The Boy Who Would Be King

Continued from the Building of Angkor Thom and the King's Seduction by the Naga Princess

MAHA EYSEI: Another of the greatest of the God kings, who ascended the throne almost a hundred years later in about 1113, was Suryavarman II.

The actor who played Indravarman re-appears in resplendent, martial uniform as SURYAVARMAN II.  We shall find some stills to reflect the following as Suryavarman talks of himself in the third person.

SURYAVARMAN: I left the ocean of my army on the battlefield and leapt at the enemy King.  I killed as a garuda on the slope of a mountain might kill a snake.

SURYAVARMAN enters his chamber, removes his head-dress and lies down:

MAHA EYSEI: It has been said that one night an unexpected visitor stole into King Suryavarman's private chamber at the summit of the palace.  This time it wasn't the Naga Princess.

A small boy, the future JAYAVARMAN VII, enters.  If the staging allows we might see him climbing towards the King before the King sees him.  He throws himself down, prostrate before SURYAVARMAN

MAHA EYSEI: The boy avoided the guards by climbing up the side of the building.  He was brave and kind and wanted to help a friend.
SURYAVARMAN: (Starting awake)  Who are you?
BOY: I am only a child.
SURYAVARMAN: How did you get here?
BOY: I climbed.
SURYAVARMAN: Have you damaged the paintwork?
BOY: I took care, Great King.  I am small and light.  I do not come for myself, King, but for another.
SURYAVARMAN: Whose son are you?
BOY: Yours . . .
BOY: Yours in spirit, for I have grown up in your house, but my father is Dharan Indravarman.  He serves as a small king in the northeast.
SURYAVARMAN: I know him.  You can sit up.  I want to see your face.

The boy does so

SURYAVARMAN: What makes you think you are not in a lot of trouble?
BOY: You are a universal King.  You have faced great dangers.  You have no need to frighten me.
SURYAVARMAN: (Growls) You are troubling my sleep.

The boy bows and crawls forward

BOY: King.  You set up new temples, and you give them land and water and parasols and oil and wax and people.  You are very generous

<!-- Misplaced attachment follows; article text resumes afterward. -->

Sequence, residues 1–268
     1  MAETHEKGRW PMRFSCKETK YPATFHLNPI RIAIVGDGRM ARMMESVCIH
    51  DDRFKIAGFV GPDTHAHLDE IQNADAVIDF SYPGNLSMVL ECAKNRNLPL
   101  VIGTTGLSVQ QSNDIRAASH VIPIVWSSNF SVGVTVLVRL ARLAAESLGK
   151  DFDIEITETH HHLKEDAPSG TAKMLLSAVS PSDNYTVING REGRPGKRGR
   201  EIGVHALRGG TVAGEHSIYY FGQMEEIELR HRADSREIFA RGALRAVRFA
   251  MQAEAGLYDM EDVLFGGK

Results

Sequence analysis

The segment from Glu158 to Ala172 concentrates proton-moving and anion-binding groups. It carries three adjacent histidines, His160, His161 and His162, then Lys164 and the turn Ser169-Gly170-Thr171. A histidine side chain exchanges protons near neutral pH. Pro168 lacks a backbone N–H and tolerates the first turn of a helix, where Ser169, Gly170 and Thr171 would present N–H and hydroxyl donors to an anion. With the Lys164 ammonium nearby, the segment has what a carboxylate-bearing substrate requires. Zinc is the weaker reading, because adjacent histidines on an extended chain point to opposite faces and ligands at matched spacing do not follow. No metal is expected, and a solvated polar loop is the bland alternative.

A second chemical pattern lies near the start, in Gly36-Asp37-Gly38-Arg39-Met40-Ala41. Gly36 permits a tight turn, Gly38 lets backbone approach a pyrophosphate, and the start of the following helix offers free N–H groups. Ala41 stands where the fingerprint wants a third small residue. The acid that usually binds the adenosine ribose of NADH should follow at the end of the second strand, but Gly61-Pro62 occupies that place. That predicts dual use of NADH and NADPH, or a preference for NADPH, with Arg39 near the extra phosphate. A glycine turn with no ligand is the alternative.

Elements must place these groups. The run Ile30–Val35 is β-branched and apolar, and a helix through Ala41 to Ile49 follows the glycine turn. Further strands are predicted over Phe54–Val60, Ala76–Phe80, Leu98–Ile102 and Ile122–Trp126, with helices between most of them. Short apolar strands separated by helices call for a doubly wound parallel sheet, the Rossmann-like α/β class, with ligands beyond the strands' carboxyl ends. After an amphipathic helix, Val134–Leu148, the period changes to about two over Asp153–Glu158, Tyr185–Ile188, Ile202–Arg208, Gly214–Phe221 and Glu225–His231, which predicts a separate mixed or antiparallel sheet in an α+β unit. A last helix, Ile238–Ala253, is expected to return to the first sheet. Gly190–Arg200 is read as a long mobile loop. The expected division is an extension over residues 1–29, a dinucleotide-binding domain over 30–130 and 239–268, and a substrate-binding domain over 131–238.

BOY: There is a slave girl. Her name is Fishing Cat.  She was honoured to be made part of our household when she was five.  She is so happy to be here, she has not thought of her village since. She does not even remember its name. But I have checked the records and I see she must have come from near Mount Merit.
BOY: If . . . If that is where you are planning a temple, then perhaps if she is sent there, that would be a good thing.  She could see her family again.
SURYAVARMAN: Is that all you want?
BOY: I have been foolish. I became friends with her. It was easy for me, it was fun. I had no thought of the danger for her. It is my fault, but she is the one being punished.
SURYAVARMAN: (smiles) You climbed up here for a slave girl?
BOY: (sompiahs) My guru says I must learn humility.'
SURYAVARMAN: (chuckles) A strange way to show humility, to wake up a king and make demands.  But you have a brave heart, a good heart, to care for a slave girl. All right. I will order it.
BOY: (making sure the King doesn't forget)  Her name is Fishing Cat.  She lives near Mount Merit.

The King laughs and stands up.

SURYAVARMAN: I won't forget, little fellow. No need to climb down again.  Come along, I will get you past the guards.
BOY: Don't punish them.
SURYAVARMAN: (laughs) I won't punish them.  (PAUSE)  Can I tell you who you are?  Your father is my first cousin. Your mother was from the same pastures as my family.  So I am fond of your family, that is why I asked especially for you to be here.
BOY: That is why I said you are my father.
SURYAVARMAN: I will remember you as the boy with the good heart.  You know the greatest pleasure in being King? It comes when you know you have done something good.
BOY:  Yes.  Yes.  That must be the greatest pleasure.  That would be the whole reason to be King.
SURYAVARMAN: Yes, but bees make honey, only to lose it.  Are you good with a sword, young prince?'
BOY: I'm better with a bow.  Better with a crossbow on an elephant's back.  Swords or arrows, the thing is to have a quiet spirit when you use them.
SURYAVARMAN: I want to train you specially - in the art of war.

The Boy bows and climbs back the way he came.  Suryavarman also leaves.

MAHA EYSEI: The King's heir was Yashovarman, but it is said that this boy was his favourite.  We shall meet him again.

The play continues with:

The Temple, Tomb and Observatory of Angkor Wat

© 2013 Shaun MacLoughlin

If you are interested in this project, please contact Shaun MacLoughlin 

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we recommend the following books which helped with our rersearch: